It could also be your DJ skills, set up to play for passersby, or a pair of old school phone booths, 100 yards apart and linked to ring each other’s phones.
There will be about 68,000 people on the playa, and if each of them brings something to gift, then everyone comes away both gifting and gifted. That means not only is there no money, there aren’t even transactions. And with no transactional relationships to get in the way, everyone is on equal footing. Of course, that’s the theory.
There are people who show up just wanting to party and end up taking more than they give, and that’s why Burning Man is only 8 days long (Monday to Monday over Labor Day weekend). Even the devoted burners understand that this isn’t a model for society. Over more time, the people taking advantage of the gifting would overwhelm the givers, and the system would collapse, but the impermanence of it is part of the appeal. After all, they do burn it down in the end.
Step 3 – Bring Your Props
Props are practical, like bikes and hats and protective eyewear, and props are whimsical, like light-up art bikes, feathered head-dresses and steampunk goggles.
“You need a good, sturdy pair of boots,” says Eric. But Lisa adds, “Once you’re a burner, you’re always looking for lingerie.” This is where self-expression gets radical. Bring a utility belt for your water and lip balm, but trick it out with Mad Max style. Protect your face from the silty playa dust, blowing through the desert, but do it with a leather mask, or a muslin one, or a fantastic scarf.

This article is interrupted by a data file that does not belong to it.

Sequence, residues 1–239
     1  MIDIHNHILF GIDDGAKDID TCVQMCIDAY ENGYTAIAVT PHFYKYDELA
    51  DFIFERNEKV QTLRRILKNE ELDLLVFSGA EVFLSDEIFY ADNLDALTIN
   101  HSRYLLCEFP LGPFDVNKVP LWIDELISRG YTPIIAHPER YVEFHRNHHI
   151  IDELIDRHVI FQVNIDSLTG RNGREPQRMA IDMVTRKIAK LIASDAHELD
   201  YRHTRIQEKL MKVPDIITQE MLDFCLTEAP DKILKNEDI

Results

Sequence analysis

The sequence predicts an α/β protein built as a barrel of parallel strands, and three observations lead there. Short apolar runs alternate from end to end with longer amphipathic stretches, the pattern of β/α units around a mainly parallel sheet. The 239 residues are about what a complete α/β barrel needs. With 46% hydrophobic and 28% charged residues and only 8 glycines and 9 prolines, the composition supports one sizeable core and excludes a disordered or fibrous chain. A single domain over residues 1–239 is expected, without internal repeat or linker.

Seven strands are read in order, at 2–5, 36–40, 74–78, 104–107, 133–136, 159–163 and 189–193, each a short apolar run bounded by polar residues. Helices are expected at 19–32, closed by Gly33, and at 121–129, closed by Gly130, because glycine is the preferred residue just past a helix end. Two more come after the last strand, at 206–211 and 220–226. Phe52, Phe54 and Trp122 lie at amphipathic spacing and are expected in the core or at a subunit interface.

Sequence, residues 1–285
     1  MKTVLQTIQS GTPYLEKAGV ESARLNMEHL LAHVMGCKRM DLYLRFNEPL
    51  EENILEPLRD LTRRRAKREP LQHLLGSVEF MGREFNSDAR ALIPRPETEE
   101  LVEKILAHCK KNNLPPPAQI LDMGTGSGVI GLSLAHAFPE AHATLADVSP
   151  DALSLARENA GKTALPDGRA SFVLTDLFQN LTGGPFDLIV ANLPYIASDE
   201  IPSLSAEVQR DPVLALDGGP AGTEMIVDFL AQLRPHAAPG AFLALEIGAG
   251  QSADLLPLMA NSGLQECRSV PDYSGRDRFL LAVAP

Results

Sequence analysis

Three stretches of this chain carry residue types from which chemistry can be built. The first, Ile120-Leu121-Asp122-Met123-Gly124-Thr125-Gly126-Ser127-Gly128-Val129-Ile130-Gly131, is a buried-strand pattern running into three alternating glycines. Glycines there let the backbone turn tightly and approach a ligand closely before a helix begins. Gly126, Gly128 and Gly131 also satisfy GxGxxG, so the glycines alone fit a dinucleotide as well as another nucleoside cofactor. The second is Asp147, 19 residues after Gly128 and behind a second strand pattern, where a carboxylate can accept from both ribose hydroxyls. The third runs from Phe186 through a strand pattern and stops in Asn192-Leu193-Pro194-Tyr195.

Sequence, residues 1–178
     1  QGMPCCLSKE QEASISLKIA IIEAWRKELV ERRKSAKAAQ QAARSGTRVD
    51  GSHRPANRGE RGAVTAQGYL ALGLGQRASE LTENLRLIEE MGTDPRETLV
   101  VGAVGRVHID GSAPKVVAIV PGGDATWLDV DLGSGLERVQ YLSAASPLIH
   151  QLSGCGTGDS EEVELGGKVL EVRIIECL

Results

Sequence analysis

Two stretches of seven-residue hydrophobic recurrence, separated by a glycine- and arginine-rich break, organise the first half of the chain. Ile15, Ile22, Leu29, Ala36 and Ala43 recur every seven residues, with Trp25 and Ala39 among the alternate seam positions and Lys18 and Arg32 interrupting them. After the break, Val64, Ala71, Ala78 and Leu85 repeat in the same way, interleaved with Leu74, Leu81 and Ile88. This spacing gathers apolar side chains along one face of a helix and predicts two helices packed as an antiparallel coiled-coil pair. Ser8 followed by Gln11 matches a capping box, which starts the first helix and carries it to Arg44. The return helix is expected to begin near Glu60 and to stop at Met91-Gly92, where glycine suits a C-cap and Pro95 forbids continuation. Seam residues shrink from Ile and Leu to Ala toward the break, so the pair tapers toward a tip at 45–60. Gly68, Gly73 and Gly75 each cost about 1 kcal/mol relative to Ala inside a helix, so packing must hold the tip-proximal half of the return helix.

Remember your sequins, your firs, your kimono and your net shirt. You may find yourself dressed as a paisley robot made of cardboard boxes, or going simple, in a t-shirt and shorts. Either way, own it.
And in a pinch, “zip ties are your best friend out there.”
Step 4 – Have a Plan
Even if you’re not heading up a camp like the Bouncy Bouncy Club, complete with a bounce house, a bar a shower spa and a massage table, you need to know what you’re bringing and have a plan for hauling it out. Leave No Trace are bywords of Burning Man, and even spilling shower water on the desert floor is frowned upon. Beware of "moop." Lisa explains moop is, "Matter out of place, and it is very important to know moop rules... and moop the camp after you pack up...literally we use a rake to find the feathers and other little fragments that were not there when we arrived." Plan your meals, your clothes, your shade and your sleeping arrangements. Taking on this responsibility is part of your gift to the others, but it’s also a way to limit the headache of any extended camping trip. “You never want to cut corners,” Eric advises. It’s easy to get caught up in the exuberance of the festivities to come and forget about the logistics. Eric adds, “Never stray from your plan or your budget.”